Wandering refers to the need to keep on the move, often see in people with Alzheimer’s disease.
Wandering is a common behaviour for a person with Alzheimer’s disease.
It is a direct result of physical changes in the brain.
A person with Alzheimer’s disease may wander for a variety of reasons. They may:
- be too hot or cold
- be hungry or in pain
- believe that they need to go to work, catch a bus, or be home to feed their children
As a caregiver, pinpointing the reason behind the wandering can be a challenging task, especially when verbal communication has become difficult. Looking at non-verbal clues may help you establish the reason for wandering:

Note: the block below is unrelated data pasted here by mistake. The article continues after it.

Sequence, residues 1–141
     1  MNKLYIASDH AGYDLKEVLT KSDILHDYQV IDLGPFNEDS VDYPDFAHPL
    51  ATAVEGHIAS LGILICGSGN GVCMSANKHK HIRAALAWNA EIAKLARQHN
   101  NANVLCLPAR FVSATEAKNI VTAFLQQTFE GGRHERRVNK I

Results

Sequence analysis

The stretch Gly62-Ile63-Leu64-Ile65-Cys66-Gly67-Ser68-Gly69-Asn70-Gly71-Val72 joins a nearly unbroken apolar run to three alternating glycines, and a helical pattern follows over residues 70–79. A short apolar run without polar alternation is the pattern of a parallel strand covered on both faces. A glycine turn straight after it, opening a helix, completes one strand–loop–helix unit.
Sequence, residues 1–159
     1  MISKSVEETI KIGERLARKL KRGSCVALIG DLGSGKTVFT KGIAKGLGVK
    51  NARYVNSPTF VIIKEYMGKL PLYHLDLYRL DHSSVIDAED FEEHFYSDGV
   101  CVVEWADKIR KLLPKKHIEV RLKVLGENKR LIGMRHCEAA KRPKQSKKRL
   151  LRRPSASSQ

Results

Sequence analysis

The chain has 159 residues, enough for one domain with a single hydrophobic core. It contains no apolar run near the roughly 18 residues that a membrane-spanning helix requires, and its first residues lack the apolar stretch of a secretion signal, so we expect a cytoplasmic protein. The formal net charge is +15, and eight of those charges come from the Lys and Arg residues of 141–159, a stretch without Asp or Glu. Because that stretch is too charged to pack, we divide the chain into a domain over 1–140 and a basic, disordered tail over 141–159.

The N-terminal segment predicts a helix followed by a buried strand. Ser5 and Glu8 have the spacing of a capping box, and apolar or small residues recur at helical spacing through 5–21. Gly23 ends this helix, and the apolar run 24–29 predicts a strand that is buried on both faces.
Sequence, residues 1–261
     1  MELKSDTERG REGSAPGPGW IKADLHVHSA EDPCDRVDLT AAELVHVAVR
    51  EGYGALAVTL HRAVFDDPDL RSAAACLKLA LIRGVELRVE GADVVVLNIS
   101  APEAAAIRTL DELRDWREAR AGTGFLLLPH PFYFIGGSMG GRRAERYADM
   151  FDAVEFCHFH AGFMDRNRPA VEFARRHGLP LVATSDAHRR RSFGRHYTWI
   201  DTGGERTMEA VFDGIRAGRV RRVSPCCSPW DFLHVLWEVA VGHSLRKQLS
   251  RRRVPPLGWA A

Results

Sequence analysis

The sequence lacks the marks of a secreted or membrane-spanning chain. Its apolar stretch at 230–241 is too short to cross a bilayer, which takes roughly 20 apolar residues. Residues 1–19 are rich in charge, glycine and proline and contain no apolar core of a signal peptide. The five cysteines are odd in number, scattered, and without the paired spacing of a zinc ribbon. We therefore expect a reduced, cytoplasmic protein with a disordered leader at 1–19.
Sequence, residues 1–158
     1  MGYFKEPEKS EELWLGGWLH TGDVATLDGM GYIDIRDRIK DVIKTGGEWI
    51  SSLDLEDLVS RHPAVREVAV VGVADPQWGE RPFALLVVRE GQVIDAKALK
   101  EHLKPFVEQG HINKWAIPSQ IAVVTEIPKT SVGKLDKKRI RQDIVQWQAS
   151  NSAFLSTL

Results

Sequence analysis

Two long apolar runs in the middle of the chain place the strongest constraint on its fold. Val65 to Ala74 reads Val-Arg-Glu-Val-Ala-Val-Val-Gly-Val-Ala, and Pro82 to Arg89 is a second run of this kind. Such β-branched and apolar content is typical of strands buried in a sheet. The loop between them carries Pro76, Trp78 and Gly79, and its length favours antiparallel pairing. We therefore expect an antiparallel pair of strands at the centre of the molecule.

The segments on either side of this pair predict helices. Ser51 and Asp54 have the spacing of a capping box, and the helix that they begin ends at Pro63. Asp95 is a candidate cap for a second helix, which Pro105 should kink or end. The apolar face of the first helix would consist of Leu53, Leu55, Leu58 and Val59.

- Is there a pattern to the behaviour
- Does the wandering appear aimless or confused (non-focused)
- The person may be bored
- It could be the person’s response to stress, anxiety or physical discomfort
- Is there a particular purpose to the wandering (goal oriented)
- The person is trying to accomplish something (such as doing the groceries)
- The person may be searching for something
- The person may be trying to return to familiar surroundings from their past
- The person may have a physical need such as hunger or a need to use the washroom
Being able to determine the pattern of the wandering can help you identify why a person wanders. If you can do this then you can begin to put strategies in place to manage the behaviour.
The night hours are often a time for wandering. Broken sleep patterns may cause restlessness and disorientation in the middle of the night. Confusion about time may also cause the person to unaware of the difference between day and night.